Poll: Majority want Wales’ highest peak to be referred to as Snowdon not Yr Wyddfa
Most Welsh adults want Wales’ highest peak to be referred to as Snowdon and not Yr Wyddfa, according to a new poll.
The survey conducted by YouGov found that 60% prefer the mountain to be primarily known by its English name, while 30% percent think it should be known firstly by its Welsh language name, and 10 % don’t know.
It follows a motion by Cllr John Pughe Roberts that it should only be referred as Yr Wyddfa, which was rejected by Snowdonia National Park Authority, stating that the issue was already being looked into.
The poll also found that Welsh and English speakers tended to view the subject differently to each other.
Over half of Welsh speakers (59%) would rather see the 1,085m mountain primarily known as Yr Wyddfa. Of this group, some 37% think Snowdon should also continue to be used, and not scrapped entirely.
At 69%, the opinion of those who do not speak or read Welsh is firmly in favour of keeping Snowdon as the mountain’s primary name.
Wales’ youngest adults, aged between 16 and 24, are split almost down the middle over the prospect, with 43% in favour of the Welsh name, and 44% preferring the use of Snowdon.
However older adults prefer the use of Snowdon, including 66% of those aged 65 and over.
On the YouGov website it says: “In Welsh folklore, King Arthur buried a giant, Rhitta Gawr, under a cairn (pile of stones) that over time formed the mountain many of us know as today Snowdon. However the mountain has another name in Welsh: Yr Wyddfa.
“Last week, a Welsh councillor called upon Snowdonia National Park authorities to refer to Wales’ highest peak primarily by its traditional Welsh name instead of Snowdon – a prospect they are considering.
“A YouGov survey of over 1,000 Welsh adults reveals that six in ten (60%) prefer the mountain to be known as Snowdon – which comes from old English for ‘Snow hill’ or ‘Snow dune’. However, some 30% think it should be known firstly by its Welsh name Yr Wyddfa, which refers to a barrow or burial mound.”
The motion put before Snowdonia National Park Authority said: “That the authority hereafter uses only the authority’s Welsh name for the authority and that this becomes relevant in any language i.e. ‘Parc Cenedlaethol Eryri’ and never uses ‘Snowdonia National Park’ again.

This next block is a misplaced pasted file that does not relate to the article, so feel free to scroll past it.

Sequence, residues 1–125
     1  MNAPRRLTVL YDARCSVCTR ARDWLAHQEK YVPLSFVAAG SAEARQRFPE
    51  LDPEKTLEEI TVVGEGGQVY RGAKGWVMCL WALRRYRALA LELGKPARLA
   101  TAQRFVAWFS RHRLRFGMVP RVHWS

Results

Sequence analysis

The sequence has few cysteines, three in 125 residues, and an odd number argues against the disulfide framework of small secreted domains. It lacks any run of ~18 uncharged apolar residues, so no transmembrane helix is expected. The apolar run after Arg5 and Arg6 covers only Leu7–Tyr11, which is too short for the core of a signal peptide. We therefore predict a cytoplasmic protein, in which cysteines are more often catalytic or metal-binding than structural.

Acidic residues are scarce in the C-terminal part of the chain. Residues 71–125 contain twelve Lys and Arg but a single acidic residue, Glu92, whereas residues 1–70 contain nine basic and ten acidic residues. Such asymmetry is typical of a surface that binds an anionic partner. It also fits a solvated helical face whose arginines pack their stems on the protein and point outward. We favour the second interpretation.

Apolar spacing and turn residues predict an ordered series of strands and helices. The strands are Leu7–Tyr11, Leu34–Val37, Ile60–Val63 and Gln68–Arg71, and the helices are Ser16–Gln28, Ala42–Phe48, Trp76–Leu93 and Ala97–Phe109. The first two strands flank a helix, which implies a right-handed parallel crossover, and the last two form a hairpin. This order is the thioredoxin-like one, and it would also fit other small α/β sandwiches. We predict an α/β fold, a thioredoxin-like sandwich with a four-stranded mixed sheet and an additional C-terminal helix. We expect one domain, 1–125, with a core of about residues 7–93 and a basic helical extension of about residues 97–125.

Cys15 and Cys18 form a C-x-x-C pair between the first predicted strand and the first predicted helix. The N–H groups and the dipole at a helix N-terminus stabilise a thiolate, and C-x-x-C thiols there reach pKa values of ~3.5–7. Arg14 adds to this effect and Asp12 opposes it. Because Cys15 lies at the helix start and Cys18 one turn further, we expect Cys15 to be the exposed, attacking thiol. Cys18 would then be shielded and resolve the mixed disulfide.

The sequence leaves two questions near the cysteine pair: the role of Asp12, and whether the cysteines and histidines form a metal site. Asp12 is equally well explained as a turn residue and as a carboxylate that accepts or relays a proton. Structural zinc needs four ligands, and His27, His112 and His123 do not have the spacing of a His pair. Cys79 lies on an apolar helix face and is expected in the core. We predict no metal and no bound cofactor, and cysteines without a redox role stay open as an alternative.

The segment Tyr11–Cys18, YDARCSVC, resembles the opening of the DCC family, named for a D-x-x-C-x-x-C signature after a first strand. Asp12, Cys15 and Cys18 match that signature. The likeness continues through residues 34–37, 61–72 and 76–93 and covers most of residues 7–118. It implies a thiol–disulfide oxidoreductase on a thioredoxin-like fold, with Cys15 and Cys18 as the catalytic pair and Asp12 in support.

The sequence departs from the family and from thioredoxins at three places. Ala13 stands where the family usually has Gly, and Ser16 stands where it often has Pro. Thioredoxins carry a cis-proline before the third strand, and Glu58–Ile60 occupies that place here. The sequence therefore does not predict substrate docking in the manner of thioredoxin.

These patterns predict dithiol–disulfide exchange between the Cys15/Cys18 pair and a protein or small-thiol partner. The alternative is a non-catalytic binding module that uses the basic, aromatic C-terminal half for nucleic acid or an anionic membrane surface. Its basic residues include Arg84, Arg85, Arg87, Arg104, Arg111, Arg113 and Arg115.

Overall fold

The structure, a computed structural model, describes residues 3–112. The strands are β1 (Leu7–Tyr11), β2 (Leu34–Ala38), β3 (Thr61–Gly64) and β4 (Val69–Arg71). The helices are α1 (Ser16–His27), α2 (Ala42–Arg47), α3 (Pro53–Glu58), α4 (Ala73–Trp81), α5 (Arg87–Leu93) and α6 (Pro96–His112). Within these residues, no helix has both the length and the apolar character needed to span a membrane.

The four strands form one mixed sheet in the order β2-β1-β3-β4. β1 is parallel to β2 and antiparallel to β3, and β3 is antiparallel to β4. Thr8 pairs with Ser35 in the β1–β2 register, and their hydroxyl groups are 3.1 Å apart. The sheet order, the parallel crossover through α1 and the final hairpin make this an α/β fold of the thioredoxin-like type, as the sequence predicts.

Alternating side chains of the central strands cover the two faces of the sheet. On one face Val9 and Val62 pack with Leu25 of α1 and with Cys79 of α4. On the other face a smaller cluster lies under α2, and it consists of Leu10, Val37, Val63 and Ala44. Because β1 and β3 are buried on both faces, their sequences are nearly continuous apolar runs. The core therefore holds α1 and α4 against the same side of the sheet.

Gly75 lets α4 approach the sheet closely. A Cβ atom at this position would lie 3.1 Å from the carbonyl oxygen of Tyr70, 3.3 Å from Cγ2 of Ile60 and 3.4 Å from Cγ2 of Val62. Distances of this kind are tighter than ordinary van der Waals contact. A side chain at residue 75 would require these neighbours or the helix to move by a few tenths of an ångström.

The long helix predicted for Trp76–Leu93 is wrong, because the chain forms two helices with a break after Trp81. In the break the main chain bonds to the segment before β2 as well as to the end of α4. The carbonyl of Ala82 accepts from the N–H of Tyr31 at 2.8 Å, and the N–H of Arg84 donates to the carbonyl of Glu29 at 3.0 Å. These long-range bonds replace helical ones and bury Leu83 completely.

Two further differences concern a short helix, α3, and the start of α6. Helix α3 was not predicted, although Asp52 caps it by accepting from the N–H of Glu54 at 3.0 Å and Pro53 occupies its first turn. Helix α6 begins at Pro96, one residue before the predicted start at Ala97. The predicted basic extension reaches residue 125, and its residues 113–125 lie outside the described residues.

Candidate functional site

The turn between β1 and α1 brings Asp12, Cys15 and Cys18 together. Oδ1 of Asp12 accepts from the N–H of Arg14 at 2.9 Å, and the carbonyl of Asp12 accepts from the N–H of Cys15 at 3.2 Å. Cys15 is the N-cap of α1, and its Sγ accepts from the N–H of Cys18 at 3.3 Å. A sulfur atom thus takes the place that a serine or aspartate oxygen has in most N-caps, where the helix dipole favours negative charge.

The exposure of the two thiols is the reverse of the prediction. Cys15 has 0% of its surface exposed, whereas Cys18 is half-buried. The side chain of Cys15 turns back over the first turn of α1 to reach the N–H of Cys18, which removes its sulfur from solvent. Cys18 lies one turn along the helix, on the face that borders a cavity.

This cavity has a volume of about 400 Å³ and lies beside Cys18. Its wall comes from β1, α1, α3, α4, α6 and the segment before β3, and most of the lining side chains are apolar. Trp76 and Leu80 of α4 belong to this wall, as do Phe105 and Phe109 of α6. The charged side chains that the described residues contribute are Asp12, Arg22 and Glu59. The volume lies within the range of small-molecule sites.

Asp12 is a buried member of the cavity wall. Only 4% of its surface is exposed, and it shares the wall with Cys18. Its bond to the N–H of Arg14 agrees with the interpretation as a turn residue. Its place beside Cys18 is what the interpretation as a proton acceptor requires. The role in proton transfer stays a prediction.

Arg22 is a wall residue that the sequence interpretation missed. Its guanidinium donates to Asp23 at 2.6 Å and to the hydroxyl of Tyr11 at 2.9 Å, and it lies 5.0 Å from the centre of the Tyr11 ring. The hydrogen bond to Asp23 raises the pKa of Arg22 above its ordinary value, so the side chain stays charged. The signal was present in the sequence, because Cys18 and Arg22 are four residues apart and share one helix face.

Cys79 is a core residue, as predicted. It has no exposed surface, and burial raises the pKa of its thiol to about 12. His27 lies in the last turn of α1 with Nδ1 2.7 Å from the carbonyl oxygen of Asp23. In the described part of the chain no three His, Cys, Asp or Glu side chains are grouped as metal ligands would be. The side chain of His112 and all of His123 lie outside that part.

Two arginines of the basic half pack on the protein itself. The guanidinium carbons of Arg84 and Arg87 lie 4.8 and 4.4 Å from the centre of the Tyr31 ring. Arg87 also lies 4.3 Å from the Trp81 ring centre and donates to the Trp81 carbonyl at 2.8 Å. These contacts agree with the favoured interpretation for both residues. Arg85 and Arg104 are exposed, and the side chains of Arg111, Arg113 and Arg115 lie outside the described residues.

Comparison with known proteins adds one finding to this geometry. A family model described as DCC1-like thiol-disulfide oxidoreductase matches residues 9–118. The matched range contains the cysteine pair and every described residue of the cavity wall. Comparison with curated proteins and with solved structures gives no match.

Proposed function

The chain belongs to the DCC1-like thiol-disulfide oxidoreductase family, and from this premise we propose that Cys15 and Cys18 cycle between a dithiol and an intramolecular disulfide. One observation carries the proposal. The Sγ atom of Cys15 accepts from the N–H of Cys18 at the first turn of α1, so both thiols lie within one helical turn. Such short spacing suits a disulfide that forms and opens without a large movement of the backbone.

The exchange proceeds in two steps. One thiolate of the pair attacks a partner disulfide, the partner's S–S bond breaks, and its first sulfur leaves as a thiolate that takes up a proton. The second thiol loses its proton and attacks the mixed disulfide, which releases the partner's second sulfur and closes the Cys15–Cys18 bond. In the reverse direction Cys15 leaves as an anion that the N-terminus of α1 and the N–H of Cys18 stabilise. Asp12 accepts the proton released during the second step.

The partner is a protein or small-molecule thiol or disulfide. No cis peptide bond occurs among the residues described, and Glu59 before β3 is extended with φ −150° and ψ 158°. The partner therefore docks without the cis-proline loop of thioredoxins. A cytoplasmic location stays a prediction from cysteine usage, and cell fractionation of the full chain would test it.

“The same should apply to ‘Yr Wyddfa’ – never to use the name ‘Snowdon’ for it again.”
Following the decision to reject the motion, Cllr John Pughe Roberts told Nation.Cymru: “I’m disappointed that they don’t have any confidence in the Welsh language. For me, we need to have confidence in the Welsh language, and there’s no point talking about independence if we haven’t got any confidence in the language.
“It’s gone to another committee – kicking the can down the road. I’m not happy of course. It’s a bureaucratic way of doing it.
“They’ve decided to put it to a committee and see what the committee says. They rejected this motion.
“To tell the truth Cllr Edgar Owen from Waunfawr, he opposed the motion, and he didn’t want to speak about the motion to be honest.
“They didn’t talk about it a lot. I was pretty disappointed that every Plaid Cymru member apart from one voted to oppose the motion.”
SNPA Chair Wyn Ellis Jones said: “Authority members decided that there was no need to consider the motion today as a Welsh Place Names Task and Finish Group has already been appointed.
“This follows previous consideration by the Members in a Working Group which recommended to establish and adopt guidelines to guide the use of place names by the SNPA. Members will consider these issues once the Task and Finish group is able to make recommendations.
“The Authority is committed to protect and promote the use of native place names for everyday use and future generations.”